France, Napoleon I Bonaparte. Bronze medal commemorating the re-establishment of the Legion d'Honneur, 1804
- KOD: 4607127RMA
France, Napoleon I Bonaparte. Bronze medal commemorating the re-establishment of the Legion d'Honneur, 1804, Denon, Bramsen 310, Bronze 40 mm, weight 34,71 g., Condition aUNC, beautiful brown patina with luster.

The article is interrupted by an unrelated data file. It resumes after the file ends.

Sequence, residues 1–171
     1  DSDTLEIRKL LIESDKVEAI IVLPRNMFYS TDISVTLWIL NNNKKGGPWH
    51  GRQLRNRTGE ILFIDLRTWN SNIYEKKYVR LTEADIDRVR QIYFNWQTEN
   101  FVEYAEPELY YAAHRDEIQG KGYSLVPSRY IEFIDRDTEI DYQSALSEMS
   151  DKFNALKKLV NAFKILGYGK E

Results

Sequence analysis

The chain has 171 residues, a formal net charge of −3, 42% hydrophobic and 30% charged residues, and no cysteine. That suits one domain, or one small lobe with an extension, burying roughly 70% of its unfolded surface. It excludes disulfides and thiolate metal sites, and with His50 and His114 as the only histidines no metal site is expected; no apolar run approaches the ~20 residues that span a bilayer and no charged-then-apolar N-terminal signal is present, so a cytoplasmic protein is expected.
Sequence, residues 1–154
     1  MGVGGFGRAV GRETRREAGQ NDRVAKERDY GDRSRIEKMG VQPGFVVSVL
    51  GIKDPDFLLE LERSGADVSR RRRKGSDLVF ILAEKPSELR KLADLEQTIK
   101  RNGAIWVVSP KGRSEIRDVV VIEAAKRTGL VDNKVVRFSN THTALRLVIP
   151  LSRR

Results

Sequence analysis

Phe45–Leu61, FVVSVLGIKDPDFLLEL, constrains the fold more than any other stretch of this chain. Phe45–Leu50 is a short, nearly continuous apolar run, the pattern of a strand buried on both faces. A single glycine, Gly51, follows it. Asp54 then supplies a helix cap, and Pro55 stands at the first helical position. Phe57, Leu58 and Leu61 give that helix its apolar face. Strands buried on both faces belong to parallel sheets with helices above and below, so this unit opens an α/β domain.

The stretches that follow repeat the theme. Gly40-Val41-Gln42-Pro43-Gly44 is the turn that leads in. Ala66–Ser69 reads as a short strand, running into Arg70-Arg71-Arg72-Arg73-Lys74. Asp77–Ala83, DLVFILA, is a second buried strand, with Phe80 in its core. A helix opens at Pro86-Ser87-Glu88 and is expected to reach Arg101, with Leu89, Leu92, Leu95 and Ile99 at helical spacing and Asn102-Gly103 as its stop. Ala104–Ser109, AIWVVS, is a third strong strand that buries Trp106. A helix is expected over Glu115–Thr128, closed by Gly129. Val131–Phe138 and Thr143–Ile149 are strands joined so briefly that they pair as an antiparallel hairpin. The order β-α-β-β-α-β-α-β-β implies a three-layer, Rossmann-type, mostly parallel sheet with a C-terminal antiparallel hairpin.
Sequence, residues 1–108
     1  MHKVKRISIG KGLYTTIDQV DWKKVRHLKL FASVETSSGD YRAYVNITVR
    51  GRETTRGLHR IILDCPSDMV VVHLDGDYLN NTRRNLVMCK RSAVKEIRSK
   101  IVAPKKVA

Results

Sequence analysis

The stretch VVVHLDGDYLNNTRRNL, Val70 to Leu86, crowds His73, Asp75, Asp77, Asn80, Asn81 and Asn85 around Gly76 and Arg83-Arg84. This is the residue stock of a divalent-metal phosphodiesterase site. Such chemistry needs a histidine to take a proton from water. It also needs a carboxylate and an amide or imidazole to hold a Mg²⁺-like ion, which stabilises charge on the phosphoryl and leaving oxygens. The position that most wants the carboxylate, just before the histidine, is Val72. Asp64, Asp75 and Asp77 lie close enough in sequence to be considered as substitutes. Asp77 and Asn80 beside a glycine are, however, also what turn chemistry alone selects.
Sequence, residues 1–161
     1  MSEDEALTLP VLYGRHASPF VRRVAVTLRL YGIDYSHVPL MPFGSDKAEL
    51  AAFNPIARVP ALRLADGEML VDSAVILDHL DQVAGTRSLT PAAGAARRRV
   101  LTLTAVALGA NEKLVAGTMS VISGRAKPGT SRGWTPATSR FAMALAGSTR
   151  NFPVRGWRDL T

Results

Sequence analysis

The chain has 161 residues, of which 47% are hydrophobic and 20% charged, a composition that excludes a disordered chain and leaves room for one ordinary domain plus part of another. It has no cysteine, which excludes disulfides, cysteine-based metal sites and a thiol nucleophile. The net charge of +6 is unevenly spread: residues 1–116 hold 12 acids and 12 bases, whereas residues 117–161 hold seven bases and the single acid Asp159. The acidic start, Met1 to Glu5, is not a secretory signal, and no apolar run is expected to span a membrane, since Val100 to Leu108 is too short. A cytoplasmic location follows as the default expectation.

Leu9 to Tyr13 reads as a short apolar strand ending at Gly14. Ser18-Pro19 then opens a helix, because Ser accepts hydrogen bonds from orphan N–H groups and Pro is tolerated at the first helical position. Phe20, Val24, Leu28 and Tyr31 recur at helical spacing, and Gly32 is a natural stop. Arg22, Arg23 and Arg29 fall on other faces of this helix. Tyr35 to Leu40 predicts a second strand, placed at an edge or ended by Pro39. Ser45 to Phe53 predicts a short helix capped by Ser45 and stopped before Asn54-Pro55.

The National Order of the Legion of Honour (French: Ordre national de la Légion d'honneur [ɔʁdʁ nɑsjɔnal də la leʒjɔ̃ dɔnœʁ]), formerly the Royal Order of the Legion of Honour (Ordre royal de la Légion d'honneur), is the highest French order of merit, both military and civil. Established in 1802 by Napoleon Bonaparte, it has been retained (with occasional slight alterations) by all later French governments and regimes. The order's motto is Honneur et Patrie ("Honour and Fatherland"); its seat is the Palais de la Légion d'Honneur next to the Musée d'Orsay, on the left bank of the Seine in Paris.[a] The order is divided into five degrees of increasing distinction: Chevalier (Knight), Officier (Officer), Commandeur (Commander), Grand officier (Grand Officer) and Grand-croix (Grand Cross) (source: wikipedia).